Four 60-story riverfront towers move ahead
A large project planned for riverfront property adjacent to I-95 would bring more than 1,600 residential units to Miami.
These new residences would make up the bulk of four 60-story towers, the heart of a mixed-use development named after the body of water it embraces: Miami River.
Along with its size – it is to be built in five phases – this project stands out because the City of Miami is a partner.
As part of a proposed Special Area Plan under the Miami 21 zoning code, Jose Marti Park would become a part of Miami River.
What it means is an extension of the public riverwalk westerly and under I-95, and improvements to the city park. A deal struck with the developer, CG Miami River LLC, also ensures the public riverwalk will be extended east under the Second Avenue Bridge and past neighboring condo tower Latitude on the River.
The city’s Urban Development Review Board recently recommended approval of the large mixed-use project.
At completion of all five phases, Miami River would include about 1,678 residential units, 330 hotel rooms, retail and office space, a riverfront restaurant, a new seawall with about 19 boat slips, and a public landscaped riverwalk the full length of the property.
The plan calls for one-, two- and three-bedroom units.
The development is planned for a three-block area bordered on the north by the river, on the south by Southwest Seventh Street, on the west by Southwest Third Avenue, and on the east by Southwest Second Avenue.
Melissa Tapanes Llahues, an attorney representing the developer, said the project is designed to “celebrate” the river, as a natural resource and economic engine.
She told the review board this public-private partnership will transform the area with a pedestrian-focused project that will “connect to the energy of downtown.”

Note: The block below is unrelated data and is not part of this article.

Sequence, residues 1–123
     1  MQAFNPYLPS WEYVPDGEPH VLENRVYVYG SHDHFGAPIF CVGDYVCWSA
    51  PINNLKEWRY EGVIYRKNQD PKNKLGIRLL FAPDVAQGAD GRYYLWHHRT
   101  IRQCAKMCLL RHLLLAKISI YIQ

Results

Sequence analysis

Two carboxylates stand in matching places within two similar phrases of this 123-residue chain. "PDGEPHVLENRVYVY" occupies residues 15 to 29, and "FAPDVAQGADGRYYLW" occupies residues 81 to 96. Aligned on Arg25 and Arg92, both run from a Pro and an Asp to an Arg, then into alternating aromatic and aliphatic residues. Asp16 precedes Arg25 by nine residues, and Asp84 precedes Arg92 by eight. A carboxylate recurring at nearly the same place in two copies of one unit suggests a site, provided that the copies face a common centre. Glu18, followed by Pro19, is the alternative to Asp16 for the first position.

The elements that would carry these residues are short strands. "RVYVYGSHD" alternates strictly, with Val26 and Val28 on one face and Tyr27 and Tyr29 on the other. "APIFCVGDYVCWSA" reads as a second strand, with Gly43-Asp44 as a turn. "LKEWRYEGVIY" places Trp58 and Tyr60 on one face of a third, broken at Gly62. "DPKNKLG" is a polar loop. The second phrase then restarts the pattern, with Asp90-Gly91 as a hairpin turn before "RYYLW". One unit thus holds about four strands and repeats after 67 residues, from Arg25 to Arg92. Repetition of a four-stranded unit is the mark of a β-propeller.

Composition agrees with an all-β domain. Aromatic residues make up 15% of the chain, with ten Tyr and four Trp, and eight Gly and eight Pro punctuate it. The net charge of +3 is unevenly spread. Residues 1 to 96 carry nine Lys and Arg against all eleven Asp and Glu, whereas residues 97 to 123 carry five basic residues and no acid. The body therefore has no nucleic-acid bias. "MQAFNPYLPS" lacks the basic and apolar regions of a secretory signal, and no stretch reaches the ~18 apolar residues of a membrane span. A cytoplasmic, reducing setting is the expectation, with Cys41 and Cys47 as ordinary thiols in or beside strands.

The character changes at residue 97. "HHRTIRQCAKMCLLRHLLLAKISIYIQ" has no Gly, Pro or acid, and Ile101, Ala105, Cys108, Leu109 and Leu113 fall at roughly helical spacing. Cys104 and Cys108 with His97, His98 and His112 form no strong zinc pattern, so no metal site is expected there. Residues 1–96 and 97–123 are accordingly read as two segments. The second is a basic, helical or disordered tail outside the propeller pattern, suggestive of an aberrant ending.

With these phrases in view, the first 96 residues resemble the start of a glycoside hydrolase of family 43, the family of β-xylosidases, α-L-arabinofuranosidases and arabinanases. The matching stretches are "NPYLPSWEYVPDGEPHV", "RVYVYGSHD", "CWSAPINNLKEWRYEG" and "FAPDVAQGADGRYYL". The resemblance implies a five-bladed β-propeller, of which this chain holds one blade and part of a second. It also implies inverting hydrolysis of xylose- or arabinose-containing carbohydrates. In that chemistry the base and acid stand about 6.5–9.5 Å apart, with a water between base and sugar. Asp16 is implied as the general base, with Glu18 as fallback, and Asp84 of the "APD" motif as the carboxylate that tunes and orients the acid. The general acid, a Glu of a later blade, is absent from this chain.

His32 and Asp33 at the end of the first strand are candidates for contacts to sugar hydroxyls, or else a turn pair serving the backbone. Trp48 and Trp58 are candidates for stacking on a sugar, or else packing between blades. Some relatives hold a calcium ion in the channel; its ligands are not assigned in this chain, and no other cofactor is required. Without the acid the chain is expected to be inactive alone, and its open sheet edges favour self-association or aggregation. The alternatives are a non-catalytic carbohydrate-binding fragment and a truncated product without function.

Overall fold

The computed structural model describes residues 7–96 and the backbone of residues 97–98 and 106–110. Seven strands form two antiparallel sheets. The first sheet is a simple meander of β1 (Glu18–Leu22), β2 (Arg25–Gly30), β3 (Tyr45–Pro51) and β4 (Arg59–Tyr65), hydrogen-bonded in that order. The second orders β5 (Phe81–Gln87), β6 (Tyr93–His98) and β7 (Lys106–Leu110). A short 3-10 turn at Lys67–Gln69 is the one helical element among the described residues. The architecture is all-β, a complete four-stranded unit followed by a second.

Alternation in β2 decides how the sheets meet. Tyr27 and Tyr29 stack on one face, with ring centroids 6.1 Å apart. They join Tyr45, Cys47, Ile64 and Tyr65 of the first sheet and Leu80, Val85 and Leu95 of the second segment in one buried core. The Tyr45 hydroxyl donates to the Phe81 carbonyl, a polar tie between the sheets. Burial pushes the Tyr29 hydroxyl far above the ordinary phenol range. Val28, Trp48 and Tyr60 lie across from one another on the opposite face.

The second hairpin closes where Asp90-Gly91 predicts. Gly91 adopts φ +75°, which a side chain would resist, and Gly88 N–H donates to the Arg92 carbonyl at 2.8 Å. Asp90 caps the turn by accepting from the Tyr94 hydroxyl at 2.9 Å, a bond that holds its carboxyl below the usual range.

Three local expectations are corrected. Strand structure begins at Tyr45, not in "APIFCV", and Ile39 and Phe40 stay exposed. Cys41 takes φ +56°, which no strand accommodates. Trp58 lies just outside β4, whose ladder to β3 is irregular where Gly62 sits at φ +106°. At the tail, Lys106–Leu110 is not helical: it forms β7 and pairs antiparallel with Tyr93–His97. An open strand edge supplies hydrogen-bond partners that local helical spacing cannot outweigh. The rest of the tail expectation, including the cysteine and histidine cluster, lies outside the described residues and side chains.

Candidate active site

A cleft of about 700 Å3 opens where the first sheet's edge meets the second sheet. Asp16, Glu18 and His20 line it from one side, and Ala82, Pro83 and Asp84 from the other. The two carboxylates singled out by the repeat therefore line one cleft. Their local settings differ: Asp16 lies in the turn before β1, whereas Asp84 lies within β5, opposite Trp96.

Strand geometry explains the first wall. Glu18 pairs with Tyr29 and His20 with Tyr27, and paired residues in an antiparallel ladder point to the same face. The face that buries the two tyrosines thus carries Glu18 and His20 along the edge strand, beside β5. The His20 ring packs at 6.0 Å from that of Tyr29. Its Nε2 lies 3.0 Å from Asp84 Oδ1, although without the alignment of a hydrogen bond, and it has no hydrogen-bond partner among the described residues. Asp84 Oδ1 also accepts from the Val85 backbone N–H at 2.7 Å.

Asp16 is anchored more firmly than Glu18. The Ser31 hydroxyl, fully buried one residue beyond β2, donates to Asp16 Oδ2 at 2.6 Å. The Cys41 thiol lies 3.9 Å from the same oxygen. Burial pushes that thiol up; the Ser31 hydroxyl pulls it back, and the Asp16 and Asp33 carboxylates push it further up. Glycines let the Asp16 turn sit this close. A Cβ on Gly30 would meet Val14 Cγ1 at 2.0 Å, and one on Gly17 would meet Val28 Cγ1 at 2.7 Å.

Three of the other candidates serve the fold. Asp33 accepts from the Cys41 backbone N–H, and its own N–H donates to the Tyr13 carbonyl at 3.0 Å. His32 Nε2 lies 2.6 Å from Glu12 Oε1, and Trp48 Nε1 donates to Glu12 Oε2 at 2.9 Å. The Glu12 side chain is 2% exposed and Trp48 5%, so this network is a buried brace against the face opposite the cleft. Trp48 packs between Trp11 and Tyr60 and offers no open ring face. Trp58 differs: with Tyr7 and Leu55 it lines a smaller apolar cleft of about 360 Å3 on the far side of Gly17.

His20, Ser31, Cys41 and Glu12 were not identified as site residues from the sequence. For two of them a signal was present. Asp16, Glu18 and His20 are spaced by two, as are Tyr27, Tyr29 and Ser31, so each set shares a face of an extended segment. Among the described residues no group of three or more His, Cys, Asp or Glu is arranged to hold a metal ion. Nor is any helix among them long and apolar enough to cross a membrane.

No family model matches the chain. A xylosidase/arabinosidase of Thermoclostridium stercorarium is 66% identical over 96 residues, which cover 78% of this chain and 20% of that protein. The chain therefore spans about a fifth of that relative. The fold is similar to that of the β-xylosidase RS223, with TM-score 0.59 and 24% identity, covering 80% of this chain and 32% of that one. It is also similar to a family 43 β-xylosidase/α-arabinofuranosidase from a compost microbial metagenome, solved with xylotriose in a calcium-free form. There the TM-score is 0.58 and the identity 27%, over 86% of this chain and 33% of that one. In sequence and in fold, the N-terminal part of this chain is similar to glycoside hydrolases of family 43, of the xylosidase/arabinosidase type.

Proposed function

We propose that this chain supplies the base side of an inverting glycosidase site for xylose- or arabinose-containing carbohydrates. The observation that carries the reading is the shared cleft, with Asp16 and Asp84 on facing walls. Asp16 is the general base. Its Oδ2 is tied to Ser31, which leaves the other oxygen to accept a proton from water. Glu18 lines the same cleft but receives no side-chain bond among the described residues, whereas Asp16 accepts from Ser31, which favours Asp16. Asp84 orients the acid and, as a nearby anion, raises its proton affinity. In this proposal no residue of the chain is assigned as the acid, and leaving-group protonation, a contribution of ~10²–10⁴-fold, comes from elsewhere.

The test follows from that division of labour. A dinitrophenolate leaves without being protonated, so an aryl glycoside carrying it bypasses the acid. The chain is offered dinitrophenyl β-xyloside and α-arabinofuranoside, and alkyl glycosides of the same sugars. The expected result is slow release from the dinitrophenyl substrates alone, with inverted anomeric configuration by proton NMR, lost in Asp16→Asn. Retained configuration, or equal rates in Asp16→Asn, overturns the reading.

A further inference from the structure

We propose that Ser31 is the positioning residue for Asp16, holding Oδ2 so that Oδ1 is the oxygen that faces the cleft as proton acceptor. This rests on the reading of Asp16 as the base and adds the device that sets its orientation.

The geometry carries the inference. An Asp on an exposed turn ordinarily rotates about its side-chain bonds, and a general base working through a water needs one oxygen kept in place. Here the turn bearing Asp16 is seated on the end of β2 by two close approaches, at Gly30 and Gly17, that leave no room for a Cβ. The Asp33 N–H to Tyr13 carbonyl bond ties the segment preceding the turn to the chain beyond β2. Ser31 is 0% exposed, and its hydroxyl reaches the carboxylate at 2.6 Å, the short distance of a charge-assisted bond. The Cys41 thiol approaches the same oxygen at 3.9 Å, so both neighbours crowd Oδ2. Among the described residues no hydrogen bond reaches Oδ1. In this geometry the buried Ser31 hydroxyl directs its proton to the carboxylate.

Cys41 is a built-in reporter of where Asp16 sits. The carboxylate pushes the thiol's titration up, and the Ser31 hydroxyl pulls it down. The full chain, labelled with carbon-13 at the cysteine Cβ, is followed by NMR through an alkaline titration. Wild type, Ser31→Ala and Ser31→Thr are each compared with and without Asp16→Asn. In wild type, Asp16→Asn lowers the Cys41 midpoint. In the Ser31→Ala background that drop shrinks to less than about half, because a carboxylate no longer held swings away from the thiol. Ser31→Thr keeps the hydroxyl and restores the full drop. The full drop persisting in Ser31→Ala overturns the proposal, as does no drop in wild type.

The partnership would mix about 6.2 acres of private land with about 4 acres of park property.
Ms. Tapanes Llahues said the development will result in significant improvements to I-95, Southwest Seventh Street and Southwest Third Avenue.
Architect Kobi Karp described some of the concepts behind the project. He said they took inspiration from the river to create an urban fabric, and “we want to make the river our front yard.”
Miami River will offer numerous access points to the riverfront, he said, along with adding a new stretch of riverwalk that will connect the site to Brickell and beyond.
Circulation for pedestrians will include many ground-level walkways and sidewalks, and bridges will connect the four towers, Mr. Karp said.
He said the developer plans to be ready to submit all phases to city planners within six months.
Board members praised the emphasis on a pedestrian-friendly streetscape.
One board member did take exception to changes planned for Jose Marti Park.
Gerald C. Marston said that past work done in the park was the result of a design competition years ago, and the park facilities were to reflect traditional Cuban architecture.